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Re: [RC] call it Endurance? Long, probably TOO long - Diane Trefethen

I know that for some, particularly newer riders, these flare ups about LD vs Endurance must seem pointless, divisive almost hateful. What seems to be missing is that this issue has history, part of which appears to have been a pure power play which resulted in an LD structure that parallels that of Endurance. The proof that emotions run deep is that the same scenario keeps repeating itself.

First, someone, usually innocently, equates doing a 25 Miler to "Endurance". This pushes the buttons of someone else who feels that limited distance rides weren't "brought under the AERC umbrella", they were crammed down our collective throats and that person responds, usually somewhat defensively, that LD ISN'T "Endurance". Next another person reads #2's response as condescending or derogatory or "holier than thou" and points out that, heck, it's all endurance... we're just one big family so get a life, chill, EVERYONE deserves respect for trying. Arguments fly back and forth and finally it all simmers down... till the next time.

I believe that the main problem is that LD was formalized in a way that angered a lot of Endurance riders. A relatively small number of people, for whatever reasons, lead the charge to obtain greater recognition for the limited distance rider by getting on the BOD and then exerting sufficient influence to obtain a limited distance program that mirrors that of the longer rides.

Although there are many reasons that people ride the shorter distances, the "new" program was aimed at one, small group within the limited distance community. In all the discussions here on Ridecamp, how many LD riders have claimed to be in it for the long haul, to stay there and get all the recognition and awards they can? Not many, right? How many LD riders are newbies with questions and concerns for the well-being of their horses? And how many ride limited distance because their bodies no longer cooperate sufficiently to go 50 miles? Or how many have older horses that are no longer comfortable going the longer distances? The bottom line is that only the first group got to have a say in the Limited Distance program. No acknowledgment of the difficulties faced by new riders and/or new horses. No awards slanted towards the older or physically challenged riders or horses. Just do a quick rewrite of the existing rules and create awards that rewarded speed and the few who train well enough to do 50's but can really kick butt on the 25's.

The argument over the Best Condition award for LD clearly demonstrates this philosophy. Limit the award to an elite handful of LD riders and for heavens sake, don't let the award go to the horse that really IS in the best condition at the end of the ride.

The current push - list times and order of finish in the EN. Why? One argument is so that riders will know what to expect on the ride. But just listing the fastest and slowest times would do that. The real reason goes again to the egos of the few who consistently finish well. By golly they want the whole world to know how good they are! But good at what? 25 miles is a long ride for a cutting horse. It's long for a pleasure horse. It's a weekend training ride for an Endurance horse.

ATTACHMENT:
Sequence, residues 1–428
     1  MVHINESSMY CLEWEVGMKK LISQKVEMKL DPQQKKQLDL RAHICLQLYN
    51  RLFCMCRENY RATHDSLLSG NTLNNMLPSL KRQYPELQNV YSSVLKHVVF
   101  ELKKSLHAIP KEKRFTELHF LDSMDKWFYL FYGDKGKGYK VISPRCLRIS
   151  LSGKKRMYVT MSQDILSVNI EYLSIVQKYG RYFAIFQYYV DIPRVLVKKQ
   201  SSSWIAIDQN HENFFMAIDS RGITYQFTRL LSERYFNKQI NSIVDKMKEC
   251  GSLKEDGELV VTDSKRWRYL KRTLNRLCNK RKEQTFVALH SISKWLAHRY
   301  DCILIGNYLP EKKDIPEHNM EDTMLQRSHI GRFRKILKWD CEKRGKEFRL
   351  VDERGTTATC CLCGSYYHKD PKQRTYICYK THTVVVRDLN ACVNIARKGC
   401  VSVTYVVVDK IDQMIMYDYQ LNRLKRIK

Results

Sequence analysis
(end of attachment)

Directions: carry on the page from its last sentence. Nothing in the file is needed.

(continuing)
Can you, the riders doing limited distance, see why those who ride the longer rides are frustrated, even angry? Here is the AERC, one of whose goals is the promotion of Endurance, promoting and rewarding short rides at virtually the same level as the 50's and 100's.

Now we are saddled with an awards program for limited distance that is almost identical to that for the longer rides. Adding more awards is being bandied about, as if we didn't have enough (too many?) awards already. Could it be that the Endurance riders are just trying to get back in the drivers seat? I think that instead of adding awards, we need to pare down the ones we currently offer. We could reduce weight divisions, return those awards to the Regional status they once held. Most importantly we could replace the current LD awards with an awards structure NOT aimed at the elite in the group. After all, if only a small minority of limited distance riders are of the career LD persuasion, why should the whole dang awards structure honor THEM? Why not aim awards at the vast majority - new riders, new horses, physically challenged riders, older horses? Reward THEM instead and let the elites graduate to the more difficult rides - where they belong.

This last suggests asking the question, "What should the goals of LD be?" Is the best use of the program to reward those who ride fast over short distances? The Rules and the Awards Program imply that winning is what counts, or at least Top Tenning. Is that what YOU want LD to stand for? What do YOU think the primary objectives of a good LD program should be? What efforts and achievements would YOU like to see rewarded in LD?

Have you even THOUGHT about changing the focus in LD to something other than winning? You have the power to make that happen. Yes, it would be difficult. Just changing the perspective from Top Tenning to rewarding longevity of horse or improvement of horse and rider, or whatever YOU want, will be hard. Actually devising and implementing a program aimed at the majority of riders will be even harder. But... this is your organization. If you want change, you can get it. Write your Directors.


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